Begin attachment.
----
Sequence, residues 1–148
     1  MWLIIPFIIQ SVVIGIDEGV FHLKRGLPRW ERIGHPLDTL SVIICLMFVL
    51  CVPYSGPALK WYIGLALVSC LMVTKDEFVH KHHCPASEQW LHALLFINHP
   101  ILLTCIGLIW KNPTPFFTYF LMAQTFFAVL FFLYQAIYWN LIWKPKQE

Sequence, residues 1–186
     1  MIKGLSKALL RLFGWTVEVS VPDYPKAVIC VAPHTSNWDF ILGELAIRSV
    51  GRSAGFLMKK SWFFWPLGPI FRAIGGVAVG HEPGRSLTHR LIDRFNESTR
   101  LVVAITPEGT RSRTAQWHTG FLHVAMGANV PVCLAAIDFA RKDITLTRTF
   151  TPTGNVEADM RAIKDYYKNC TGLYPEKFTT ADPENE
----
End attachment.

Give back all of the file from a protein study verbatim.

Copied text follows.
Sequence, residues 1–148
     1  MWLIIPFIIQ SVVIGIDEGV FHLKRGLPRW ERIGHPLDTL SVIICLMFVL
    51  CVPYSGPALK WYIGLALVSC LMVTKDEFVH KHHCPASEQW LHALLFINHP
   101  ILLTCIGLIW KNPTPFFTYF LMAQTFFAVL FFLYQAIYWN LIWKPKQE

Sequence, residues 1–186
     1  MIKGLSKALL RLFGWTVEVS VPDYPKAVIC VAPHTSNWDF ILGELAIRSV
    51  GRSAGFLMKK SWFFWPLGPI FRAIGGVAVG HEPGRSLTHR LIDRFNESTR
   101  LVVAITPEGT RSRTAQWHTG FLHVAMGANV PVCLAAIDFA RKDITLTRTF
   151  TPTGNVEADM RAIKDYYKNC TGLYPEKFTT ADPENE